The British community, who support our athletes and relish watching our nation compete in the Olympics and Paralympics, is facing a cost of living crisis with many families already confronted with the tough decision between heating their homes or feeding their families – a situation exacerbated by companies such as British Gas.

We source about 50% of our gas from British territory, yet for the remaining deficit, we import 31.9% from Qatar and Russia – both countries with highly questionable human rights legislation.

Why are we enabling a company to champion equality in sport when a large percentage of their supply chain stands in direct opposition to their values?

Good is being done

Throughout our breaks and over some delicious 100% plant-based food, good news stories were shared. Some member venues of The Jockey Club have beehives, grow radishes for their restaurant and are cross-pollinating solutions to better use land around their race tracks.

The Royal Yachting Association (RYA) is restoring seagrass meadows with the help of the boating community, and Warwickshire County Cricket Club has gamified walking or cycling to matches and subsidies public transport, increasing ‘active’ fan travel by cose to 20%.

Drop the word ‘sustainable’

Just because it’s a little bit better than the status quo, or marginally superior to competitors doesn’t make it sustainable.

Unfortunately, the overuse of this word has desensitised us to the true meaning of sustainability. Yes, one aspect is to ensure that the process can be repeated due to consistent financial stability, yet the layers of social equity and environmental protection are sometimes overlooked.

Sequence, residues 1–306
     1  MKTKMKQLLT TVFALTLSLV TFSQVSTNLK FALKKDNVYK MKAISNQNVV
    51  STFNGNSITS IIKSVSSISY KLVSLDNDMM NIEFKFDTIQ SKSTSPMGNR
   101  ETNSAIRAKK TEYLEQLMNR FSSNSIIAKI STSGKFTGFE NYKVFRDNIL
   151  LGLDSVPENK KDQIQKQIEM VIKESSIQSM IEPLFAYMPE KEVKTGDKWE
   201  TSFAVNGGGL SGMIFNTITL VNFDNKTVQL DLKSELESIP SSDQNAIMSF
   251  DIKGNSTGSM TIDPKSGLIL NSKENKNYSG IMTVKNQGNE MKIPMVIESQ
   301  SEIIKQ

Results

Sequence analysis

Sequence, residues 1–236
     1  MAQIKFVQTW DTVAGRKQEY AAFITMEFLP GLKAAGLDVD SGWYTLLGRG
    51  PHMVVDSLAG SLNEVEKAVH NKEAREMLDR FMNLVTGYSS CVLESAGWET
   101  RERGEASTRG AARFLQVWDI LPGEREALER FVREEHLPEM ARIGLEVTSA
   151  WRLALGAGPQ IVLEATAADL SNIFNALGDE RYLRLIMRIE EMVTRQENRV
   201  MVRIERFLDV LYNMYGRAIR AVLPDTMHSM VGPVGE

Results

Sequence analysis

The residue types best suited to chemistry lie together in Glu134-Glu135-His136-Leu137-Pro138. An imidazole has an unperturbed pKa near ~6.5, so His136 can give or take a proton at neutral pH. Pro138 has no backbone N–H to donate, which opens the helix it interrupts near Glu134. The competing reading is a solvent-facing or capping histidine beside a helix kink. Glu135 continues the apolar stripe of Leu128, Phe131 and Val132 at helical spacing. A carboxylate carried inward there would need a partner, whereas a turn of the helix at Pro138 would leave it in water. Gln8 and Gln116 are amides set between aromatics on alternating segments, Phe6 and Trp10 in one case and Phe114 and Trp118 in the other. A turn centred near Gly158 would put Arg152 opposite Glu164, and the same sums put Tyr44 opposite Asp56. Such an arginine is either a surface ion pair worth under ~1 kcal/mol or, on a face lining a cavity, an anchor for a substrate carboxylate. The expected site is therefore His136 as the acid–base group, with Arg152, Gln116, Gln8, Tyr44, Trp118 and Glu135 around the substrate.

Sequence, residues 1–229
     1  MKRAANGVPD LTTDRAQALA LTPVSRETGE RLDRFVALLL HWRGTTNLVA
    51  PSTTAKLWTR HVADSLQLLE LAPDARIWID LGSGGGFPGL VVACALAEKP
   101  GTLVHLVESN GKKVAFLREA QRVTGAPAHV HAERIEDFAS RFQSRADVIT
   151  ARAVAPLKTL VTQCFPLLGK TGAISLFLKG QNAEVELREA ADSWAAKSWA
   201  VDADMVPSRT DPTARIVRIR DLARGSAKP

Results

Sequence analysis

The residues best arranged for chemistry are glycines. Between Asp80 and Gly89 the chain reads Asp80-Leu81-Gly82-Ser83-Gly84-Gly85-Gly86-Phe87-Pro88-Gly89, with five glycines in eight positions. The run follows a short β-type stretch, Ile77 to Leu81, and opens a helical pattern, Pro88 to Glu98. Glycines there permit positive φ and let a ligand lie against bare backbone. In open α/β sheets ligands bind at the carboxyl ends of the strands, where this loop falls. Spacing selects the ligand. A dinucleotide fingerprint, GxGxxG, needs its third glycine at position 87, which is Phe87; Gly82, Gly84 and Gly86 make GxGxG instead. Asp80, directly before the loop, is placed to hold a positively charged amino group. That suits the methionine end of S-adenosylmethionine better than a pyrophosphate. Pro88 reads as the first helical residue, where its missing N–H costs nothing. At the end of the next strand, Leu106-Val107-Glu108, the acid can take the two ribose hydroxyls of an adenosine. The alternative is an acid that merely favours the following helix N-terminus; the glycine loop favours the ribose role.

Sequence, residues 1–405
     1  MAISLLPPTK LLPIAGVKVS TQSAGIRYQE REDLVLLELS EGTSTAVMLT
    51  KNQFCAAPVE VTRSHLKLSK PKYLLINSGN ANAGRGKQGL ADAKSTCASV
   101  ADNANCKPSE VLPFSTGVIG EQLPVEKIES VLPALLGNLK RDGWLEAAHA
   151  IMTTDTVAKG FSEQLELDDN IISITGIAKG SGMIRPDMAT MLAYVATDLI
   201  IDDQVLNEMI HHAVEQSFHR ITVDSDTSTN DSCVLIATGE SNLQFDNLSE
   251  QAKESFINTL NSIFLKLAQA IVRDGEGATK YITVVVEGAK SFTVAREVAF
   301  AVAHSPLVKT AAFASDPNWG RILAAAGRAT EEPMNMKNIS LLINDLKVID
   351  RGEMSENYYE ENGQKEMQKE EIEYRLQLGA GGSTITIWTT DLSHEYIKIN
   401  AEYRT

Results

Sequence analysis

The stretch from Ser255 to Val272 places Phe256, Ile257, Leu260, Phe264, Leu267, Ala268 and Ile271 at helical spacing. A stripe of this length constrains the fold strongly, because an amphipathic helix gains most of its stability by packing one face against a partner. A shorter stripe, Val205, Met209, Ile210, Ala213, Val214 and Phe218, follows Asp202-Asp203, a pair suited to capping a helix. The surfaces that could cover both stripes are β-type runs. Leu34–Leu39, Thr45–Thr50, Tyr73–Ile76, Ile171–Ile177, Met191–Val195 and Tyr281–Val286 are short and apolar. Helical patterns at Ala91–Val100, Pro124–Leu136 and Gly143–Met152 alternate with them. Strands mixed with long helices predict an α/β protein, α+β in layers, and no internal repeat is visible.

Fishing is not sustainable because it is depleting a natural resource and adversely affecting the symbiotic relationship of our oceans.

Kit made from 100% plastic is not sustainable because it is still promoting a consumerist mindset and ignores the fact that we have a surplus of clothing already in existence.

The words we use to describe our current climate, sports, biodiversity and society crises are critical to raise awareness and enable true change. We need to relate the climate crisis to a local level, where we will see the greatest impacts from the climate emergency.

Keep speaking out

There are many athletes, individuals and communities who are stepping up to be the leaders of positive change. It was discussed to create a layer of protection so that athletes who do stand up and call out bad practice do so without the risk of being trolled, silenced or losing sponsorship for their actions.

The media panel agreed that a better channel of communication between ‘activists’ and presenters can help increase the reach of these stories and presenters such as David Garrido from Sky Sports and Dave Lockwwod from the BBC are already actively seeking such stories.

Overall, I found the conference filled with passion and an energy bubbling with a desire to make a difference. Yet, part of me is concerned that, even though we have 200 delegates representing some of the UK’s largest events (London Marathon) and venues (Silverstone), the absence of the largest bodies (IPO, FIFA) was also noted.

I’ll end this article with my final words at the panel:

“There is no time to waste and we all need to be radical in our actions. Do you believe sport has the power to change the world? To bring communities together? To restore our biodiversity loss? If you answer ‘yes’ to any of these questions, then go and f*cking do something about it now.”

About the author

Kate Strong is an adventure activist, multi world record cyclist, change behaviour expert and leadership coach. She joined The Green Runners in 2023.

Share this post :